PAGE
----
Depending on the product category, affiliate link commission rates from retailers range anywhere from 1-20%; publishers should test multiple partners, including some that provide unique products and/or independent retailers/brands, and allow your content to stand out from the crowd, providing shopping options that others cannot. In addition, a hybrid advertising and commerce model that turns display advertising into shoppable posts on its sites can drive incremental revenue growth for media owners.

Affiliate marketing is just one component of a robust commerce strategy. To learn more about how you can kick-start yours, get connected to Criteo Commerce Grid, the first SSP purpose-built for the commerce media revolution.
Funding Inequities Still Plague Local Newsrooms
The News: Seven affinity news organizations sent an open letter to Press Forward asking them to ensure equal distribution of resources to underrepresented voices in local news.

The Background: Early in September, a coalition of 22 donors announced Press Forward, an “initiative to strengthen communities and democracy by supporting local news and information with an infusion of more than a half-billion dollars over the next five years.”

The effort seeks to address the “news deserts” that many Americans now live in due to the 2,200 shuttering of 2,200 local newspapers over the last 25 years.

The signatories of the open letter applaud Press Forward, noting that in the absence of credible local news, misinformation and disinformation has the chance to flourish.

The Problem: Citing a study by Bridgespan and Echoing Green, the letter says, “BIPOC-led organizations are awarded less grant money and are less trusted with how to spend that money when compared to white-led institutions.”

In general, money earmarked for minority-led newsrooms is being siphoned off by intermediaries, according to Tracie Powell, CEO, The Pivot Fund and a Shorenstein Fellow at Harvard.

She and Meredith Clark, director of Northeastern University’s Center for Communication, Media Innovation and Social Change, recently published a paper, Architects of Necessity; Learning from BIPOC publishers how to make journalism philanthropy more effective. This paper examines how well-meaning funders inadvertently reinforce the inequities they mean to address. Power and Clark surveyed 100 BIPOC publishers and found that 79% said current funding wasn’t meeting their needs.
Why This Matters
Local news organizations are a vital part of every community, covering issues that affect everyday lives, such as schools, politics and issues surrounding local infrastructure.

“People watch our news in order to survive in this country,” Univision anchor Jorge Ramos told American Press Institute. “We are providing essential information. … How does one receive a scholarship, how does one get medical insurance, how to vote on the day of elections.” Ramos went on to say that Univision’s audience is hungry for this kind of basic information.

Unfortunately, local news organizations serving BIPOC communities are highly endangered. According to a Lenfest study, 53% of news organizations serving these communities will go out of business within five years if their current financing remains the same.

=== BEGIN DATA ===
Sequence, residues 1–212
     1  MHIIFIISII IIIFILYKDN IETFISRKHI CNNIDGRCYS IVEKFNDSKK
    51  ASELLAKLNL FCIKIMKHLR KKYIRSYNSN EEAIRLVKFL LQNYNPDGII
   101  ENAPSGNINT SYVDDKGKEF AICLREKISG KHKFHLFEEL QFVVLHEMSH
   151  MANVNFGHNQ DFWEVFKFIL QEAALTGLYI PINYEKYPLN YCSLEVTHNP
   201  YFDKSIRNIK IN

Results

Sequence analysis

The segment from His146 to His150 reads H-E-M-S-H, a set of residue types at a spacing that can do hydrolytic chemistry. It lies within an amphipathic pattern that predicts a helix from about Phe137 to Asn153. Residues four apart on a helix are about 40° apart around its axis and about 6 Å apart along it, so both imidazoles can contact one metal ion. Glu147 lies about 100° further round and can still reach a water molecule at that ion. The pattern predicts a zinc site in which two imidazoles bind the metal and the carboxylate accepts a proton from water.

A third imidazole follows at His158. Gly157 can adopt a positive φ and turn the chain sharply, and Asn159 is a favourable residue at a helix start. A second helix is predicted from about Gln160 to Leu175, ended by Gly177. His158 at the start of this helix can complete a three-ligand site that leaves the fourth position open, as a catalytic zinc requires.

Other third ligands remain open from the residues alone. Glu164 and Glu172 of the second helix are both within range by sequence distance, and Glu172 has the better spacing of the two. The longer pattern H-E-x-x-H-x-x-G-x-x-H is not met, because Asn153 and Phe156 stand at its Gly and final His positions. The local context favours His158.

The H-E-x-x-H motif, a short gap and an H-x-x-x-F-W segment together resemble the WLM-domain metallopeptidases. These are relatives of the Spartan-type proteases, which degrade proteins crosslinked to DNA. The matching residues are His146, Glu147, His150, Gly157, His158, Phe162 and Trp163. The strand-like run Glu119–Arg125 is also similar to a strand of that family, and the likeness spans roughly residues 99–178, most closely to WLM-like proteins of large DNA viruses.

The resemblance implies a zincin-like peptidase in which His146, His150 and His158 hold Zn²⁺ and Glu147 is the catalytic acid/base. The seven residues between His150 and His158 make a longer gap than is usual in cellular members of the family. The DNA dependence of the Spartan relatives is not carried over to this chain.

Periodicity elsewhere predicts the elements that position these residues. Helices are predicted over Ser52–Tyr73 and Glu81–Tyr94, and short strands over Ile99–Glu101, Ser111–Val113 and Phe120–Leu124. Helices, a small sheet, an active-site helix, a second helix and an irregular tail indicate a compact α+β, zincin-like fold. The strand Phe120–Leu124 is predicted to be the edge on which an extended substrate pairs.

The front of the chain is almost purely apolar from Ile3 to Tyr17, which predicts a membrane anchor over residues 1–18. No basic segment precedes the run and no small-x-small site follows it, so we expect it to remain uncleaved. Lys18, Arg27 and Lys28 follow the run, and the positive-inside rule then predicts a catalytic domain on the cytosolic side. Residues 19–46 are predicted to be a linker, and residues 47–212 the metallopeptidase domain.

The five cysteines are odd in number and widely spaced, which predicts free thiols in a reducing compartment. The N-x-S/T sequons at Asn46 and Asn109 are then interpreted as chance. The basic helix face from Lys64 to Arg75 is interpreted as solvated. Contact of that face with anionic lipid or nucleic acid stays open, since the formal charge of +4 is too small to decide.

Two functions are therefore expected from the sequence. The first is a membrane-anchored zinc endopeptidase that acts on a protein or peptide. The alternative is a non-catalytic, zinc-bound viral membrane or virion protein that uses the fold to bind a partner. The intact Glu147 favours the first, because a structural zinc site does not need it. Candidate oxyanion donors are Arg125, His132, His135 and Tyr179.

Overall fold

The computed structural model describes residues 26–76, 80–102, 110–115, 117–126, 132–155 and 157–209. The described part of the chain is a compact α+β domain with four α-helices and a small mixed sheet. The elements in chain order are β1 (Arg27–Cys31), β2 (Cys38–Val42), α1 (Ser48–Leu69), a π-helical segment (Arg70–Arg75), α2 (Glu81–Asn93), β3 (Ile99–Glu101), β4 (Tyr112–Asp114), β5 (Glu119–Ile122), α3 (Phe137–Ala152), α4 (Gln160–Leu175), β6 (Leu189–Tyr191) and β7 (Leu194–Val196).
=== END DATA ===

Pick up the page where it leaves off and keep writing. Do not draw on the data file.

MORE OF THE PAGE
Brands can help in addressing that financing problem. Though efforts like GroupM’s Media Inclusion Initiative are helpful and brands have increased spending, only a handful of minority-owned publications are getting the bulk of that ad spend. These are the local newsrooms most at risk.

Ensuring that brand dollars make it down to the local level takes effort, as Lashawnda Goffin, CEO, Colossus SSP told AdMonsters’ Yakira Young. “??We are being aggressive, knocking on those doors, and saying, ‘Hey, we saw this is what you said. What are you doing about it?’ We have a ton of content creators and publishers who have content that resonates with their loyal audiences. You might be missing this market because of the outdated strategies you have in mind that have inadvertently excluded these audiences.”

This is exactly the message brands need to hear: focus on the local level. Doing so will help support a vital resource for multicultural audiences as well as help you create relationships with communities that are growing in population and economic power.
Around the Water Cooler
Juniper Research Says $84 Billion of Ad Spend Lost Due to Fraud Analyzing digital advertising in 45 countries across 8 regions, using a dataset of over 78,700 data points from 2019 to 2028, Juniper's research found that:
  • 22% of all online ad spend is lost due to ad fraud in 2023.
  • 30% of mobile ad spend is lost to ad fraud in 2023.
  • $172 Billion of ad spend is projected to be lost due to ad fraud by 2028. (Search Engine Land)

Publishers Grapple with the Efficacy of AI Web Crawler Blocks AI web crawlers are scourging the internet, and publishers have blocked them to halt them from stealing their content. Is this tactic effective? That's debatable. (Digiday)

Supreme Court Deciding Texas and Florida Social Media Laws With political ad spend at an all-time high due to the upcoming presidential election, state governments are deciding if social media brands can "censor" certain political content. (Axios)

Dentsu Adds Contextual Keyword Targeting to CTV Advertising Dentsu collaborates with GumGum and to introduce Contextual Intelligence for CTV, leveraging keyword-based targeting and brand safety measures in programmatic CTV buying. (Ad Age)